This week I went to the annual conference for the American Society of Travel Advisors (there really is an association for everything). As in so many (all?) industries now, artificial intelligence and technology are hot topics in the travel industry: how to use them, how to compete with them, how to avoid being enslaved by them. Being a luddite, I don’t particularly enjoy these conversations. But, to my pleasant surprise, a recurring theme of the conference’s opening session was the opposite of robots: the importance of human connection.
Travel is built on relationships. First, there’s the relationship between you and your travel advisor. A good travel advisor’s human touch cannot be replicated by the even best AI chatbot. You might think you can book your vacation online without any human assistance, but then you get there and discover your room overlooks the trashcans, or the resort that was such a deal is under construction, or your flight is cancelled and you can’t get through to the airline, or you get sick and have to cancel your entire trip but everything is nonrefundable. A real, live human being can help you cope with vacation catastrophe and, more importantly, avoid vacation disappointment.
Then there’s the relationship between you and everyone you meet on your travels. Travel – authentic, impactful travel – revolves around human contact. Travel gets us off our devices and out In Real Life. Instead of “likes” and comments on social media, you can make face-to-face connections on the streets of a foreign country. Meeting people from other cultures expands our worldview, generates empathy and understanding, and creates some of our best travel memories.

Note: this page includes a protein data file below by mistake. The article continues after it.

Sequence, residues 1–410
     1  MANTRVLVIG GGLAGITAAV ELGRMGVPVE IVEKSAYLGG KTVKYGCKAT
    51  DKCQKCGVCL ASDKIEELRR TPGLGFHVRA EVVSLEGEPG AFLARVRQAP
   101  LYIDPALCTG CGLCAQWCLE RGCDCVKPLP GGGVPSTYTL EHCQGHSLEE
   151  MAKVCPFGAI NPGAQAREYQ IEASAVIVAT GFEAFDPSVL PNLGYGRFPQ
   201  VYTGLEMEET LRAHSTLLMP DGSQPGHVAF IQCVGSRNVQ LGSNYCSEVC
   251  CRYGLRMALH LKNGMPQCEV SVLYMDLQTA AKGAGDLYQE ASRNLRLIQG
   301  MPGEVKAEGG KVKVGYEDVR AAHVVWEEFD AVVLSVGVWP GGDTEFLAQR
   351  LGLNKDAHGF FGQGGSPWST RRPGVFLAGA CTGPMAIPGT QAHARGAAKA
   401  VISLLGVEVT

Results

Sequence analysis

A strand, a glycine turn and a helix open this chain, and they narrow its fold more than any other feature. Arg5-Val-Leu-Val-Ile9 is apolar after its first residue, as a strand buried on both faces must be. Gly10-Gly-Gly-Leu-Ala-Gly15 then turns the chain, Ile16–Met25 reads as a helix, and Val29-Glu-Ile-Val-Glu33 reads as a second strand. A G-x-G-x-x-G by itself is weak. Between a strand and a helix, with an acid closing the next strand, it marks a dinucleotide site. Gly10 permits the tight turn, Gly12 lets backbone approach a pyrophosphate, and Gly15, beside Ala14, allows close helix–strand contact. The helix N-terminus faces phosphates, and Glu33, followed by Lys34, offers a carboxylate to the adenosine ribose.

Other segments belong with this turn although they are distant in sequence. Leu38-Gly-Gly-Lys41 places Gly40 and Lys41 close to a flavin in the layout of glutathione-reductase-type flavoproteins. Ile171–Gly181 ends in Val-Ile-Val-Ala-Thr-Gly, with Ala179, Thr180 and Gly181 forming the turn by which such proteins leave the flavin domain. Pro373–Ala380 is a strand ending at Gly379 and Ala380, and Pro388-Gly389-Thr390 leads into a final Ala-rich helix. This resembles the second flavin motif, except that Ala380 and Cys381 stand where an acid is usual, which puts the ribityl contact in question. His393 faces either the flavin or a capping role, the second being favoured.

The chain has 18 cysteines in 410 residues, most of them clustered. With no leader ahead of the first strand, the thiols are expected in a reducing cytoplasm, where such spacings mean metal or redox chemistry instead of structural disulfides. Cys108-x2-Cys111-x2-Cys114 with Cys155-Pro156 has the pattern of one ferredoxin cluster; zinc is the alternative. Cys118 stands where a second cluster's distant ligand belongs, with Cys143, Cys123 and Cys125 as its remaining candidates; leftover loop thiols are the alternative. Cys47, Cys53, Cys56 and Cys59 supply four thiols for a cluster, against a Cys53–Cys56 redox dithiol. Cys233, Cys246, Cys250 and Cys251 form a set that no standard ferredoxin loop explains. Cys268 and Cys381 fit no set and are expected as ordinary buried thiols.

Finally, there is the relationship between you and all the people you never meet, but whose lives are affected by your travels (hopefully for the better). A lot of the emphasis in sustainable travel is on the economic and environmental impacts of travel, and while those are both important, we can’t forget about the human impact as well. If we want to be responsible travelers, we must Do No Harm as we explore the world. A few ways to do that: consider whether the countries you visit protect human rights; choose travel companies that do good (for example, hotels that treat their local employees well); and, of course, respect the cultures of the people you meet. Don’t forget to pack your open mind and open heart.
The relationships that we forge through travel are transformative: for ourselves, for the people who cross our paths, and for a whole slew of strangers, too. If you’re not sure how to bring that human element into your travels, a real human travel advisor can help.